For some students, getting into college is a challenge in and of itself. Add on top of that finding the money to pay for college and it can feel downright impossible. But let me assure you, it’s not! There are plenty of tools and resources available to help you get into and pay for college. But some students turn to a scholarship search in hopes it will find the money they need.
But is that really the best way?
Scholarship search resources
Every year during this time, I hear from parents who are worried about the costs of college and want more information on available scholarships. I certainly understand their concerns and will suggest these sites to them for a scholarship search:
The truth about performing a scholarship search
But I also point out something else they need to know: these private scholarships only represent a fraction of the monies available to students every year.
In fact, the 2011 Trends in Student Aid from College Board reported that scholarships from private and employer sources (combined) represented only 4% of all student aid. More recently, the total amount of aid that undergraduate and graduate students received from all grants, loans, tax credits, and work-study was $246.0 billion as of 2018-2019. Click here to see more highlights from Trends in Student Aid 2019.
Not to mention, these private scholarships typically require an application, recommendations, and, often, essays! Imagine the time it takes to compile this information.
By the way, here’s how juniors can get the best teacher recommendations before their first college application.
Let’s take for example this popular scholarship: Coca-Cola Scholars Foundation, Inc.
This program offers 250 scholarships valued at $2,500 – $5,000. Recently, there were 70,000+ applicants for these awards. Hmmm. . . that’s a 296 to 1 odds of winning.
But, if you are indeed one of the 2,200 finalists, you must submit an application, essays, recommendations, and transcripts.
On average, students could spend several hours writing these essays and collecting all the required information. You should apply for this scholarship if you meet the criteria. Keep in mind that you can not apply until senior year when you’re likely spending time on college applications, academics, athletics, and more.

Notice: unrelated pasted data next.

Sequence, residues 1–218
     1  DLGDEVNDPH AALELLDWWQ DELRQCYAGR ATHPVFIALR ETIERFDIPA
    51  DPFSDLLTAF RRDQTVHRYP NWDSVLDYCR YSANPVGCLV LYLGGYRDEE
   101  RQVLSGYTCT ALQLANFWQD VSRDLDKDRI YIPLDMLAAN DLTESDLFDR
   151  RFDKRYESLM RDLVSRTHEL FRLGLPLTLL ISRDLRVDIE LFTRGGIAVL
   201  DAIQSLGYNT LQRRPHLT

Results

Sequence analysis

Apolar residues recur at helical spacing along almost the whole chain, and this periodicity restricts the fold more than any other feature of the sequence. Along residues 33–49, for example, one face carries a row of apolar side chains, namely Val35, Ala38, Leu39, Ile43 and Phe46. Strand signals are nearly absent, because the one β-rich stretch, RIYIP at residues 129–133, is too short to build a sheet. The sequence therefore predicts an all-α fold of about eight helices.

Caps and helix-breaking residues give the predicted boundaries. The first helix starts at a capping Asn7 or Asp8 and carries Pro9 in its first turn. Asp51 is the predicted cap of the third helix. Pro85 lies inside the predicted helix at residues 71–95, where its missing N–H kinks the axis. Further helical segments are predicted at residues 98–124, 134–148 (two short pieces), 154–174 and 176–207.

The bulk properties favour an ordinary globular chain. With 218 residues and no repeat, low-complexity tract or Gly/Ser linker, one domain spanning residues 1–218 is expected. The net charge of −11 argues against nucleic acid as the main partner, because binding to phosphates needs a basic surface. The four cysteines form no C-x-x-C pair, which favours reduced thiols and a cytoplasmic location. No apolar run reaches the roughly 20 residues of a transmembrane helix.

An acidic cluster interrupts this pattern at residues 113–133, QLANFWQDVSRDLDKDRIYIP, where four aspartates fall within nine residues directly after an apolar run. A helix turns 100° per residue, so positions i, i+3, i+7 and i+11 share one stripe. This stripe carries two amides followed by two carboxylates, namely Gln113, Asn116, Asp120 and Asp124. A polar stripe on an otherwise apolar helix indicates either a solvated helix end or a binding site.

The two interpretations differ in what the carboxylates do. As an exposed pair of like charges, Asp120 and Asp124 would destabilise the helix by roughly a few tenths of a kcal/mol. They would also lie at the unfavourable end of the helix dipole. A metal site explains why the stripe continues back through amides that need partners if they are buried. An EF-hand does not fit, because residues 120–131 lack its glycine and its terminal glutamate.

Scholarship opportunities with better odds
For students who may be sophomores or juniors and have a little more flexibility in their schedule and time to carefully write their essays and obtain strong recommendations, you can consider other scholarship opportunities with better odds.
US Bank offers even an online scholarship application that must be used at selected colleges. There are 40 recipients of these $1,000 awards.
Recently, 14,000 applicants. Hmmm. . . 350 to 1 odds of receiving this one.
So, where’s the money?
For freshmen, sophomores, and juniors, here’s where you can really get more bang for your buck and save time . . .
Do well in the things you already do well, i.e. academics, athletics, musical talents, school leadership!
There are so many colleges that are competing for new students. Some colleges are seeking “A” students. Other colleges are seeking quality “B” students. There are even other colleges that are seeking “C” students with potential!
Another set of colleges is seeking those students who will lead community service efforts. The list goes on in terms of great college matches for athletics, musical talents, and future club leaders!
Focus on your strengths
By continuing to do well in your areas of strength, students have access to about 17% of the student aid pie.
That percentage represents monies that come directly from the colleges. For many of these colleges, such as Agnes Scott, Occidental, or the University of Michigan, students apply by submitting an admissions application. So the time you spend completing your application with recommendations and essays benefits your search for student aid.
Being a student that’s a good match for the types of students that college recruits have much more favorable odds than only completing a scholarship search.
For example, the University of Rochester offers millions in merit aid. Ninety-one percent of their students received aid from the university with an average package of $21,000. Their admissions rate is about 35%. Hmmm. . . that’s about 3 to 1 odds!
Those odds seem to be a better use of your time!
Okay, now fill me in. Where have you been finding money for college?
Are you looking for the right college to get in and get money? Click here to check out my free master class.
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This article was updated from the original post from February 4, 2012.